A second review requested by K. Wild, with thanks for contributing twice to the Second Quinquennial Antagony & Ecstasy ACS Fundraiser.

Like just about anyone born after 1970 who loves musical theater, I had my Phantom of the Opera phase. I'm not sure when or how it ended, exactly, but it was well before December, 2004, when at long last The Phantom of the Opera The Movie bombasted its way into theaters, 18 years after the musical had premiered. And yet I still found myself sitting there opening weekend, duty-bound to see if there was anything in the sprawling concoction heaved up by Joel Schumacher, a filmmaker uniquely devoid of a sense of proportion or fear of being thought tacky, that could make me believe again in the transporting power of the music of the night.

There was not then. There still isn't.

Yet it's not enough to say "The Phantom of the Opera ('04) sucks because The Phantom of the Opera ('86) sucks, and Andrew Lloyd Webber is a farty toot-head". Love or hate the source material, the fact remains that The Phantom of the Opera is nowhere near the movie it could have been, committing one unforced error after another on its way to becoming one of the damned sloppiest major musicals of contemporary times. The cynic might say that the filmmakers knew they had an enormous pre-sold fanbase, and simply didn't need to care about doing a good job; but I legitimately don't want to be that cynical. Schumacher had been invested in this project for years before it was completed - I can't imagine that he just didn't give a shit about the material.

That material, of course, is one of the most popular stage musicals in the history of the medium, adapted from Gaston Leroux's 1910 romantic horror novel, which had been translated into Lord knows how many movies by the time Schumacher's version came along. The basic story is as familiar as it gets: young opera singer-in-training Christine Daae (Emmy Rossum) is able to pinch hit on the night of a grand gala at the Paris Opera (the fictional OpΓ©ra Populaire in the musical), when the stormy prima donna Carlotta (Minnie Driver) decides to pitch a hissy fit, and wins an enormous success. What nobody knows is that she has been receiving lessons from an unseen tutor, her "Angel of Music". What even Christine doesn't know is that this is actually a disfigured man living in the catacombs and sewers beneath the opera house, whose inhabitans refer to him in nervous whispers as the Phantom of the Opera (Gerard Butler). When she connects with childhood friend and current patron of the OpΓ©ra, Raoul, Victomte de Chagny (Patrick Wilson), she pushes the shadowy Phantom into a jealous rage, and while he plots to have her firmly entrenched as the company's new leading soprano, he also works to fully possess the young woman whom he already has in an enraptured haze.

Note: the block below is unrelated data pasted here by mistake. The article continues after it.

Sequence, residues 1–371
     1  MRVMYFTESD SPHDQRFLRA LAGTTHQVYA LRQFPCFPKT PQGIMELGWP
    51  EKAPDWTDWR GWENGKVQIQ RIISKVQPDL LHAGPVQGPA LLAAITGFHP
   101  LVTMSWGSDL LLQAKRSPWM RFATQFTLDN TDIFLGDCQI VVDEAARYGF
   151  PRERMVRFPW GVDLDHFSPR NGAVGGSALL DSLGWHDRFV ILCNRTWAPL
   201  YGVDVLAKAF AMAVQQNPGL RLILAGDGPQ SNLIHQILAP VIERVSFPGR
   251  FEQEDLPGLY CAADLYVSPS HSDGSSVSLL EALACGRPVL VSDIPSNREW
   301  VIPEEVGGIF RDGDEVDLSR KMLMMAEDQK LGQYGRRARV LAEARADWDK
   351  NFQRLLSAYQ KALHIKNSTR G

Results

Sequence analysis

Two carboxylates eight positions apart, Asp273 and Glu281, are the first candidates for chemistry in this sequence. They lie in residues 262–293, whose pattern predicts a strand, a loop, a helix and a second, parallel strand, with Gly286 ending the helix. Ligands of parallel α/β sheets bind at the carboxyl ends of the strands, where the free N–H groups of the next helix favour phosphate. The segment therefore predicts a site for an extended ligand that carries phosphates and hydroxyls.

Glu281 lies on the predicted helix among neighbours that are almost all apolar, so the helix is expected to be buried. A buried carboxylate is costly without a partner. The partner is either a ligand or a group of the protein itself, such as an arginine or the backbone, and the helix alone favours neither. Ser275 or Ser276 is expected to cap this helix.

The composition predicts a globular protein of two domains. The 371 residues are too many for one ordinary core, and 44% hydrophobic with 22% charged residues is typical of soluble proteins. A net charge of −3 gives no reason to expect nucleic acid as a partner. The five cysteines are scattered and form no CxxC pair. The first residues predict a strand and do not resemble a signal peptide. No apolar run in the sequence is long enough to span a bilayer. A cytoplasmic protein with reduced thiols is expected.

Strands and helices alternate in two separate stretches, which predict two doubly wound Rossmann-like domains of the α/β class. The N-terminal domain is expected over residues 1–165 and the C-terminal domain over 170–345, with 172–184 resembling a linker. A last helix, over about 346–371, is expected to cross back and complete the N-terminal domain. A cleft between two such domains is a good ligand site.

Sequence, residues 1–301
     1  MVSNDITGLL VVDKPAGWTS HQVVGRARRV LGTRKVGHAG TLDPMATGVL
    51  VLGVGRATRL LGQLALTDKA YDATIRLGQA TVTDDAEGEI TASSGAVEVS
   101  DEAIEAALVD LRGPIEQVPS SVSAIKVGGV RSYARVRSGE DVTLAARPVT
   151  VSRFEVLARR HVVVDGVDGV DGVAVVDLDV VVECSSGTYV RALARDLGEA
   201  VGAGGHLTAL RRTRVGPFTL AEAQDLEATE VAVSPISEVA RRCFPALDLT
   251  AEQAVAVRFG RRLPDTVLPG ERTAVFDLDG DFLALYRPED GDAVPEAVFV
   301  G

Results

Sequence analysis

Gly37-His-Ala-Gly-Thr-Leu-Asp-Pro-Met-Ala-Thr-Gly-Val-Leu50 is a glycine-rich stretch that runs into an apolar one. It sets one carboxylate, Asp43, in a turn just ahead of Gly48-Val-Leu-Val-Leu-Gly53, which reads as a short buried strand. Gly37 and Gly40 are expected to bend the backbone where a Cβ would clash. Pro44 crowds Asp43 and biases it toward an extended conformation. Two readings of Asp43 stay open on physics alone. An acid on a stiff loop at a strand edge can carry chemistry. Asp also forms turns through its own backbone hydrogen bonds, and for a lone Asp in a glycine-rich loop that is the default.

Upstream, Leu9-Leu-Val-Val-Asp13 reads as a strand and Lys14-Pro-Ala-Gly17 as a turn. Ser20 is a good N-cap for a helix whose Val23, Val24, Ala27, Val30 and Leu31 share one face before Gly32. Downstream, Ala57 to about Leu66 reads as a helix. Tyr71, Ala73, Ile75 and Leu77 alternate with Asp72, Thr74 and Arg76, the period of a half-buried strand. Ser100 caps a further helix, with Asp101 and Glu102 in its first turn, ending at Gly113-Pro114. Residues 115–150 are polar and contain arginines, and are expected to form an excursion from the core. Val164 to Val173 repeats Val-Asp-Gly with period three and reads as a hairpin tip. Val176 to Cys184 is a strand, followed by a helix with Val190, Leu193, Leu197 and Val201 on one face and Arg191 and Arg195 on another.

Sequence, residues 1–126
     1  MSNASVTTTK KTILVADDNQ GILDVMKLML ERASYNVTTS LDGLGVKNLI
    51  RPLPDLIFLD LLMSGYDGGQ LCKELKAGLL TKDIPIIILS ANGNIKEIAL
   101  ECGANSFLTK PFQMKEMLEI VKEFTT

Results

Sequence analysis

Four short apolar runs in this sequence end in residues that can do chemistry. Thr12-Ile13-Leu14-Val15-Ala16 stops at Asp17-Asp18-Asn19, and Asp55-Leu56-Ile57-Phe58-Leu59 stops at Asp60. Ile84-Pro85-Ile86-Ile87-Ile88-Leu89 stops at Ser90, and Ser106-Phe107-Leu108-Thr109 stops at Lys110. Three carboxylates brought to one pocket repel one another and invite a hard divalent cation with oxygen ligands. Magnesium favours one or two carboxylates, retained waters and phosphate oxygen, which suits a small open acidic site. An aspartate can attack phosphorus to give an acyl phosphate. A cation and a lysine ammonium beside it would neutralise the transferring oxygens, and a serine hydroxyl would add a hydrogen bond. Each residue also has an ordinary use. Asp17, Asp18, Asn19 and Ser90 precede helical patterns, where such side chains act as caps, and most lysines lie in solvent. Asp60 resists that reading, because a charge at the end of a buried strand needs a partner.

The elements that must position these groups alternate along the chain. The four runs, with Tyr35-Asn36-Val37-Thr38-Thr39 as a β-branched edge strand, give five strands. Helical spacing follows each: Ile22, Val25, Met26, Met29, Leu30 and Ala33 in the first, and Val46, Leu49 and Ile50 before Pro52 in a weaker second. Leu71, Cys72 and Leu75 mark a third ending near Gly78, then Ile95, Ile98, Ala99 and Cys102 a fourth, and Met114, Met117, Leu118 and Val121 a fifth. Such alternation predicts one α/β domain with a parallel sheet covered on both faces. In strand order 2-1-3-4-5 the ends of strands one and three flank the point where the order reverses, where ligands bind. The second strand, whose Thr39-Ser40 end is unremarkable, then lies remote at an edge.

Every version of Phantom is basically a melodrama; in the case of the legendary 1925 Universal production, it's melodramatic horror, while the musical, with score by Webber, lyrics by Charles Hart and Richard Stilgoe, and book by Webber and Stilgoe, is a melodramatic romantic triangle that juts out into horror here and there. The movie goes a little bit more in for thrills and chills than the stage version did, owing largely to some new orchestrations that live threateningly in the baseline, but the core is still swoony romance, and that's probably why the film committed one of the two absolutely crushing sins that would have turned it into a failure no matter how great everything else was - and in this Phantom of the Opera, there is nothing whatsoever that deserves to be called "great", except for maybe the costumes designed by Alexandra Byrne. We'll get to the other one in a moment, but let's pause for a moment to contemplate good ol' Gerard Butler, the pretty boy Phantom cast with an eye towards making the disfigured murderer a sex symbol who could compete with the handsome young Wilson (whose subsequent career of shifty, pathetic emblems of self-loathing masculinity makes it incredibly hard to take him seriously here, but that's not the fault of the movie or his performance) and Wilson's ludicrous shoulder-length wig.

Permit me to be blunt, dear reader, in stating directly that Butler's casting doesn't work on any level whatsoever. Madonna's lead performance in Evita, the last film made from a Webber show, wasn't necessarily any better, but at least she makes sense from a metanarrative and marketing perspective. Butler is just wrong. He's too attractive to be remotely plausible as the scarred, angry outcast - and the make-up design is quite ashamed to cover him up with more than a bad rash and a bit of modest scar tissue around the lips, compounding the problem.

"So distorted, deformed, it was hardly a face"

Nor was he nearly enough of a noteworthy heartthrob in 2004 to make up for it by re-making the role into a star vehicle. He's also not tremendously good as an actor, find one emotion per scene and clinging to it like a life raft, resulting in a far plainer Phantom than the material deserves; instead of a tragic Byronic antihero, the character is just a mopey creep.